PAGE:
Thursday, April 03, 2008

John From Cincinnati Revisited

Yesterday, John From Cincinnati finally came out on DVD. The much maligned series has become something of a punchline since it aired. I’ve got a Google News Alert for the series, and will frequently get sent an article in which some new show is panned, with the only caveat being “at least it’s not as bad as John From Cincinnati.” So, I figure now is as good a time as any to tell people who haven’t seen the show that it’s one of the greatest TV series of all time, an intricately constructed world that builds and evolves over the course of ten episodes. It’s one of the most joyous series of all time, a unqiue mix of strange supernatural content and very real, gritty human emotion.

I watched the first episode tonight, and it holds up really well. The opening credits sequence is probably my favorite of any show. The building guitar line over those first shots of water leads us up above the waves in a mix of contemporary and classic imagery. And the big bang happens in there as well. Just hearing the song and seeing those images brought me back to the summer, to watching the show on Sunday nights, eagerly awaiting each episode.

My experience of watching the show paralleled what happened on it. I started out watching it alone, and got some other people hooked on it as it aired. So, a community built up around the show, and every Sunday, we’d be there to watch it. There are some works that define an era for me. Summer 2001 for me was playing wiffleball in the evening, then coming home to watch X-Files season three and read Sandman: The Kindly Ones. It couldn’t have been more than a couple of nights that this happened, but it’s come to represent the entire era in my mind.

Summer 2007 is wrapped up in JFC, and watching the show brings back a lot of good memories. I think the show is really about social gatherings, people coming together and building something, and that’s part of what makes me love it so much. Watching the first episode, it’s not quite what it will become. It’s weird to see people who aren’t cast regulars on the show, but at this point there are only about ten main characters, it’ll take a bit for the cast to double. But, the roots of most of what’s to come are in place, and there’s a lot of seeming non-sequiters that make a lot more sense once it’s clear where Milch is going.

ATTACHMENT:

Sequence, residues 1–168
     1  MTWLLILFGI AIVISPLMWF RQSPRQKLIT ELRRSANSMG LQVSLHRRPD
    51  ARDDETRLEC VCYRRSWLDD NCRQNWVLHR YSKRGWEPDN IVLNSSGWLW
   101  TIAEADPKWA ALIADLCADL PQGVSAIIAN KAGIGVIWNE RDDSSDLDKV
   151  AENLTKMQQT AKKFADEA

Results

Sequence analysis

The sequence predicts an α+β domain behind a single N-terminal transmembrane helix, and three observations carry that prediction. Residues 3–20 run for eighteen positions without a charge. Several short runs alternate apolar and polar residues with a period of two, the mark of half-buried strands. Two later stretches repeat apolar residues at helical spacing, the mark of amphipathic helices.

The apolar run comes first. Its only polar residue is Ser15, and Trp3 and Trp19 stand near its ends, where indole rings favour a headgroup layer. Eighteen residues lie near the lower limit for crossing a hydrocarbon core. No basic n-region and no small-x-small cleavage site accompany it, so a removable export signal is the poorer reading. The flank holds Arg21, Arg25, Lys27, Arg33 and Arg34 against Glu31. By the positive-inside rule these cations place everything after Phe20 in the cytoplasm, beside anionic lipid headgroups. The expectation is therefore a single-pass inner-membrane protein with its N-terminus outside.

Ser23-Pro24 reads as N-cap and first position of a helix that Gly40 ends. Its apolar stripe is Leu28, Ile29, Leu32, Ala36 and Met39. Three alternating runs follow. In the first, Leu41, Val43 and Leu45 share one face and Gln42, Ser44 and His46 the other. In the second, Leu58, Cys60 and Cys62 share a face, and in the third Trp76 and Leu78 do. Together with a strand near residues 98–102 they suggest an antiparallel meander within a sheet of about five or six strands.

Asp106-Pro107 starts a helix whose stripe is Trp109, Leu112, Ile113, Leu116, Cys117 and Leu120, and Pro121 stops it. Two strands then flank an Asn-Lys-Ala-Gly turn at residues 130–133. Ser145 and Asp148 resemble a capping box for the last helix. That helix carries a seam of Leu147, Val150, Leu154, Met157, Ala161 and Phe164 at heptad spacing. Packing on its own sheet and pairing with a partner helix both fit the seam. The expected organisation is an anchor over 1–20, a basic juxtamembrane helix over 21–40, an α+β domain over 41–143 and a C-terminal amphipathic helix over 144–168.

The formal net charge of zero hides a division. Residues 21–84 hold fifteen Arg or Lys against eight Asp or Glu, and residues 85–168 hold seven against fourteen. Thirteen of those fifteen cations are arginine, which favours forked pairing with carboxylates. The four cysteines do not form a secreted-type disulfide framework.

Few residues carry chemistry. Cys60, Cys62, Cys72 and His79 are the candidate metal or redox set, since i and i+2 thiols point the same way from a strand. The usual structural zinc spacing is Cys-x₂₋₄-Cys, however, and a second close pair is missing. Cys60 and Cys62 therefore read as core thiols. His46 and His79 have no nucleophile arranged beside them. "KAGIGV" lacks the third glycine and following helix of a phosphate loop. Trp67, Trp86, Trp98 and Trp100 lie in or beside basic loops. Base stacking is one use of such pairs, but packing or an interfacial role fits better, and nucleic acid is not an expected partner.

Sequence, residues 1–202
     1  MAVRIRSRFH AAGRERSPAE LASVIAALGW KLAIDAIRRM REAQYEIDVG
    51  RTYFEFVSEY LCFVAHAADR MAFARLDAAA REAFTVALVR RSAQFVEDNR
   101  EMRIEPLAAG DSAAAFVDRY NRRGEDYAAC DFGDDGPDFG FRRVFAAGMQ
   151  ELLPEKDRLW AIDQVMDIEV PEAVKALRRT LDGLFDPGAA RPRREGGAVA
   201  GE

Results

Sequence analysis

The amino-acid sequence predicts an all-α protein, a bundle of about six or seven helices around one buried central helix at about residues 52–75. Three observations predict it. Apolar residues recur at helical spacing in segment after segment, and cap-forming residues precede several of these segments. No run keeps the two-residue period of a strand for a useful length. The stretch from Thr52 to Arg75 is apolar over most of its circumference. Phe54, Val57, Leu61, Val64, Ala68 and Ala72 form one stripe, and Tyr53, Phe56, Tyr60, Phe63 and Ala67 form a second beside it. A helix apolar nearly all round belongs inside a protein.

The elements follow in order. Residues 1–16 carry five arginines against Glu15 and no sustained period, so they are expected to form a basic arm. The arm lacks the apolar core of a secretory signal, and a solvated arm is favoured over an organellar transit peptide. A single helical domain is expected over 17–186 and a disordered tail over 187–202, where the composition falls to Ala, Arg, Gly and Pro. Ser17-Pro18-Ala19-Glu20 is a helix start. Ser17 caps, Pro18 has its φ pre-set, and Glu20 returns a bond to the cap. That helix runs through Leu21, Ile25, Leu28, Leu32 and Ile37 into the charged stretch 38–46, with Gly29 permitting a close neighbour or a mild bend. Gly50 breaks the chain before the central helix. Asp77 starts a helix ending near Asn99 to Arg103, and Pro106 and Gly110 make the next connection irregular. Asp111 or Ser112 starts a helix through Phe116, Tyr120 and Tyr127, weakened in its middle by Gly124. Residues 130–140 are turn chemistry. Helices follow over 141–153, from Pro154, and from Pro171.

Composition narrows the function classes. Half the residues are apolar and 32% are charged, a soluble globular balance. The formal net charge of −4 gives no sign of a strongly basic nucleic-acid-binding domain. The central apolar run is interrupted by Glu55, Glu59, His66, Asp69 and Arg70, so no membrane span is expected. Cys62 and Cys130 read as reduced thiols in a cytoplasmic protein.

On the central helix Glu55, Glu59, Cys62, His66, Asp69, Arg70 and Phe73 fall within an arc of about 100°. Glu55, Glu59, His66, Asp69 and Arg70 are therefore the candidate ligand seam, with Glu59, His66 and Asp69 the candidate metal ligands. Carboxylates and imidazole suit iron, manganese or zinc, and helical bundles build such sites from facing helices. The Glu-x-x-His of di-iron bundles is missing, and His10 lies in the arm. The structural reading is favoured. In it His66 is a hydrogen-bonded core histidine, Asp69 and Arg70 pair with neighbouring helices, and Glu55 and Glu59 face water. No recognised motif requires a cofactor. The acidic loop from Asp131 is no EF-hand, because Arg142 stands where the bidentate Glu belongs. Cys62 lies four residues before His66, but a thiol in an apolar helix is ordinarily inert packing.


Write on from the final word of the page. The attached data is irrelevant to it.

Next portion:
Hopefully the DVD release will salvage the show’s reputation. Are we so close minded that this sort of magical realism, this spiritual storytelling has no place on TV? Realism’s great, but in a lot of ways this show feels more real to me than a lot of so called ‘realistic’ stuff. Everyone in the world actually lives in their own mind, they perceive things through a cloud of dreams and memories, and that’s why the supernatural flourishes in the show work for me. They externalize the mental trauma these people are carrying around. I’m reminded of something Grant Morrison said, that the reason he can relate to superhero comics is his problems feel huge, he feels like more like Superman battling a renegade sun than some guy dealing with some personal problems. Our problems feel huge to us, they feel of cosmic importance, and the ultimate message of the show seems to be that saving one person can save the world, even if that person is yourself.

As the show goes on, it takes on a trance like quality, mental and physical reality collapse on each other until they’re virtually indistinguishable. The best example of this is the legendary John speech in episode six, I remember the first time I saw it, I didn’t really get what was said, but I knew I’d witnessed something profound. And that’s what this show is, it’s a spiritual experience on film, and I’m so happy Milch had a chance to make it.


Anonymous said...

Wonderful post, Patrick. I felt the same way about the whole experience of JFC.

joanna said...
This comment has been removed by the author.
joanna said...

I remember you wrote about JFC some time ago.
Magical realism is recognized and lauded as a literary style (or method), unfortunately TV is moving in the opposite direction, towards mundane - reality shows, etc.
Appreciation of 'John' is inevitable, if not now, than in the future.
Thank you for writing so well about it, Patrick, good luck blogging, don't quit.
I had to delete the previous comment, found a misspelled word.

Patrick said...

There's not quitting in my future. And, I've been watching through the rest of the series on DVD and it's even better than I remember. Each episode is its own little spiritual experience, it's just amazing.